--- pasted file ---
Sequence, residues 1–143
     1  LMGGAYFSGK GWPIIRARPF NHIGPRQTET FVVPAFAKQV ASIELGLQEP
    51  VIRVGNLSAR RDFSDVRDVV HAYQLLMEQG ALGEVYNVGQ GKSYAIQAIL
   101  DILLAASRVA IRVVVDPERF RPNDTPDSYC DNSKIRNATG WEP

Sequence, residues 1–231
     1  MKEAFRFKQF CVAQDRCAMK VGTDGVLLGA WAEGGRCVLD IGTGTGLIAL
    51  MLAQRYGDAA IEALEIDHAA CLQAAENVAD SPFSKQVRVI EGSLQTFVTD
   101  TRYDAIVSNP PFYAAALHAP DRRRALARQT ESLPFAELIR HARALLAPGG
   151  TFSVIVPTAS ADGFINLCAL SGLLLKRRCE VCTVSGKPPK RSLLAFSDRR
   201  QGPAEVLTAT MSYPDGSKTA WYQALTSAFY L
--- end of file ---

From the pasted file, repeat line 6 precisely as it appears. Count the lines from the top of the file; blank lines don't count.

     1  MKEAFRFKQF CVAQDRCAMK VGTDGVLLGA WAEGGRCVLD IGTGTGLIAL